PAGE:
Wednesday, April 28, 2004

Good News?!

Recently I decided ecological theology would be my newest focus. Discussing Water Buffalo Theology by Kosuke Koyama partly inspired me! Then, I was searching to discover what Paul Santmire, one of my earliest influences, currently was doing. As a very confident and arrogant (even then!) undergrad music performance major I'd sometimes attend Krister Stendahl's early Wednesday morning eucharist with breakfast and discussion afterwards; Paul Santmire, who at the time was protestant chaplain at Wellesley College was a frequent participant and the group as a whole encouraged me to consider some kind of career in theology ... they probably thought anyone who didn't even grow up in the church but who had the chutzpah to talk theology with the dean of Harvard Divinity School had to be too crazy to lose to the Church! Anyway, in my searching online I discovered Paul Santmire has written a lot of ecological theology so I'm going to read some of it. A roundabout way of saying I so resonate with!

And before that, (Marian), you asked,

is the Good News of Jesus Christ better news to those of low estate? Does God in Jesus Christ really lift up the lowly, fill the hungry with good things, and send the rich away empty?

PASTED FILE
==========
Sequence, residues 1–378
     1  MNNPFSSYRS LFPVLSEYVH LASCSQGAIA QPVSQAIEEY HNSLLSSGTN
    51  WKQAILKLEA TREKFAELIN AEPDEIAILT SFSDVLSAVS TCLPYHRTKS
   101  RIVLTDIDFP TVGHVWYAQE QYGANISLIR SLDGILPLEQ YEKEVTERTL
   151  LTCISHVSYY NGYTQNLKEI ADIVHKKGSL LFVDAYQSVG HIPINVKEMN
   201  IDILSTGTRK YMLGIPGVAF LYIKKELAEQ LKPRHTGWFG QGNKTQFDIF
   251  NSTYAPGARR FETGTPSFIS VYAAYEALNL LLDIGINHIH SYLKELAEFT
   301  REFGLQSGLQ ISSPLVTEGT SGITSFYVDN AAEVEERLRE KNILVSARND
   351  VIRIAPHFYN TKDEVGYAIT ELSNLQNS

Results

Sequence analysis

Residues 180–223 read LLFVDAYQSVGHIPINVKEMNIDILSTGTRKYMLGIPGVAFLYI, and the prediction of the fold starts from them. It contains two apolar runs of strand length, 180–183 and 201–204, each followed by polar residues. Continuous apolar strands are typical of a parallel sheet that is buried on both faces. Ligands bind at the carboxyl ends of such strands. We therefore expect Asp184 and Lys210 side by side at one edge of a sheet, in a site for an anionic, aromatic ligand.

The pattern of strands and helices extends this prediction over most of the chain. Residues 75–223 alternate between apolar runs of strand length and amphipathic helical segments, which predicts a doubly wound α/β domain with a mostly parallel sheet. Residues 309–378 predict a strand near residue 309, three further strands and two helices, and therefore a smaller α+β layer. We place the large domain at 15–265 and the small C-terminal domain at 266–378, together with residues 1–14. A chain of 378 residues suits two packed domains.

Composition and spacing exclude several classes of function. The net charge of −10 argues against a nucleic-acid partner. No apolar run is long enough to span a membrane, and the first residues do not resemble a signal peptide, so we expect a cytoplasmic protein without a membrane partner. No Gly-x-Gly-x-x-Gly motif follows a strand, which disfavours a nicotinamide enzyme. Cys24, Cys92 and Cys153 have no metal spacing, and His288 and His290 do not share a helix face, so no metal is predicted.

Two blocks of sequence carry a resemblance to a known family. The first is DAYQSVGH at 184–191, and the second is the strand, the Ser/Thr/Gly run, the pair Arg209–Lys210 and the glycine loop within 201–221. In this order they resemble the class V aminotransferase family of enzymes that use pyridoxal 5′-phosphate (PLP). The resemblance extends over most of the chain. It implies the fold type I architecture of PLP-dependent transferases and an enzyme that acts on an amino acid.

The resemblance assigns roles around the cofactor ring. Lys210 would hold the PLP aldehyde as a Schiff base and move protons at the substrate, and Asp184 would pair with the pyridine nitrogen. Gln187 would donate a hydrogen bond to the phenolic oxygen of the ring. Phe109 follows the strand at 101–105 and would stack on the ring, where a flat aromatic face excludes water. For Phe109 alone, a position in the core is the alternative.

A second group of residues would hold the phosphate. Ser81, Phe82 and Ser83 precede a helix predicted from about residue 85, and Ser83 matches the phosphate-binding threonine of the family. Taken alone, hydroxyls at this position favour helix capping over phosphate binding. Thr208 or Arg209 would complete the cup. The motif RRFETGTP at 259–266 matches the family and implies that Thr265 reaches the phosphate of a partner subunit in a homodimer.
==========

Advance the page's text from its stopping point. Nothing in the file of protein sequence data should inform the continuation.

A short response for now:

For a very long time Ernesto Cardenal's 4-volume Gospel in Solentiname has been one of my favorite commentaries, though these days I don't draw on its rich and perceptive dialogues nearly as much as I used to and still need to be doing. These past Lenten Wednesday evenings I attended Vespers at the biggest ELCA church in town (updated 11 years later to say that church now is far from the biggest ELCA in these here parts); each time while we're singing the Magnificat and afterwards as well, I ponder the live possibility of Jesus' gospel of radical inclusiveness, restoration, Divine provision and sustenance possibly being better news for the economically and socially marginalized than for those not-so-much-so. I ponder it while I'm in that congregation's recently renovated sanctuary surrounded by the rest of the newly redone buildings on campus, and the clearly very middle-class congregation: IOW, surrounded by affluence The idea of good news to the marginalized stays with me the rest of the evening, too So do I copout and describe all of us everywhere as at least spiritually needy? I don't think so – because from early on at First Mariners' American Baptist Church I learned to read scripture with an economic lens, so right now I'm simply thinking out loud and on paper, or more accurately on the 'puter :p

Part of me agrees with people being considered simply people, and I also resound with evangelizing for intentional diversity – but fact is our protestant mainline church bodies are overwhelmingly White middle-class to upper-middle-class in culture, and, for the most part in the actual physical appearance of their constituencies, despite a few discrete ethnic or "other" congregations. And sad to say, for the most part "discrete" describes them accurately, in the sense of their being apart from the mainstream mainline local churches...

No comments:

Post a Comment

thanks for visiting—peace and joy to all of us!